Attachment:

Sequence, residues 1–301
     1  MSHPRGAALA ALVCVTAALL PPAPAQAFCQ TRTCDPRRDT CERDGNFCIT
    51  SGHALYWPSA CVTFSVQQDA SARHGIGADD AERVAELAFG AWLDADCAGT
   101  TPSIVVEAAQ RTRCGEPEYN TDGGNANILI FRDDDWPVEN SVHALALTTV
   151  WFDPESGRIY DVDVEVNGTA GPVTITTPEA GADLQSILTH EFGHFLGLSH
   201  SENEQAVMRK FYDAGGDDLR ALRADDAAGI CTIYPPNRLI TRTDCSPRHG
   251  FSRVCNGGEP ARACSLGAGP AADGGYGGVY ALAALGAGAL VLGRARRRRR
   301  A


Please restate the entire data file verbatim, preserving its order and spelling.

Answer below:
Sequence, residues 1–301
     1  MSHPRGAALA ALVCVTAALL PPAPAQAFCQ TRTCDPRRDT CERDGNFCIT
    51  SGHALYWPSA CVTFSVQQDA SARHGIGADD AERVAELAFG AWLDADCAGT
   101  TPSIVVEAAQ RTRCGEPEYN TDGGNANILI FRDDDWPVEN SVHALALTTV
   151  WFDPESGRIY DVDVEVNGTA GPVTITTPEA GADLQSILTH EFGHFLGLSH
   201  SENEQAVMRK FYDAGGDDLR ALRADDAAGI CTIYPPNRLI TRTDCSPRHG
   251  FSRVCNGGEP ARACSLGAGP AADGGYGGVY ALAALGAGAL VLGRARRRRR
   301  A